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How do I make a corner radius on a NON-90-DEGREE corner???

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Forum topic by RGKeen posted 01-31-2018 05:17 PM 4165 views 0 times favorited 24 replies Add to Favorites Watch
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RGKeen

3 posts in 24 days


01-31-2018 05:17 PM

Long time lurker. I’m by no means as good as most of the folks here, so I use this as a “textbook” for building skills. I can usually figure out some way to do things with my rudimentary skills and marginal equipment, but this one has me stumped.

I ran into the need to make a radiused edge on a transportable wood cabinet that is not a 90-degree corner. I only need to do a few of these, so it’s not something that I can afford to go buy equipment to make, and my local commercial cabinet makers don’t want to bother doing it for me for less than the gross national product of a modest sized country.

The cabinet is trapezoidal. It’s ~26” at the widest extent on the bottom, but only ~23” wide at the top. The sides slant in by 11.75 degrees, and need to have a 0.75” radius on the four corners. I got the non-square fingerjointing to make the case figured out, but I’m stumped about how to make decent looking radiused corners.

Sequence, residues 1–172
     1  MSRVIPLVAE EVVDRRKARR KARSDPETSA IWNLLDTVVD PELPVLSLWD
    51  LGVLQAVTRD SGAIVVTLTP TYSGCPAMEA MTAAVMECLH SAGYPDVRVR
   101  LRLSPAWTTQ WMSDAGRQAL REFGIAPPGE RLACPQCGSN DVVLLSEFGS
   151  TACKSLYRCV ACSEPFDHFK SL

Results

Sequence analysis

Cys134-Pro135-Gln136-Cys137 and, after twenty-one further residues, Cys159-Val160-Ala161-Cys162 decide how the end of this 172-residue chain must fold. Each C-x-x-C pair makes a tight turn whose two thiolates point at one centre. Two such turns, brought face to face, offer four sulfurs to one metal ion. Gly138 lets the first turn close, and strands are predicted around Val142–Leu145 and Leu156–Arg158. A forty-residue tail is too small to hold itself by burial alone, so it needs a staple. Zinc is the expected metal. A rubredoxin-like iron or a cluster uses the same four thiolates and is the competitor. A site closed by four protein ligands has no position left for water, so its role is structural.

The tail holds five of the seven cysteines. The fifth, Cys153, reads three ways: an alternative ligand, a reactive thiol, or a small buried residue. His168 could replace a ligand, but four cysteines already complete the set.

Here’s what I’ve thought of first:
- do it all by hand by rasp and sandpaper; OK for starters, but no two radiuses will be the same, and it will be visible.
- use a belt sander and sheer artistry and finesse to make the radiuses by hand; same issues as above, but now power equipment lets me ruin wood faster.
- use the inside of a 1-1/2” PVC pipe as a round-template, gluing in sandpaper; the inside of schedule 80 PCB in 1-1/2” is 1.5” diameter, 0.75” radius, and I can split this on the table saw to a sub-90-degree section to act as a concave holder for sand paper to get consistency on the corners, if a lot of work
- Split an iron pipe length and grind the end to a sharp edge to cut the radii; My table saw has problems with doing this.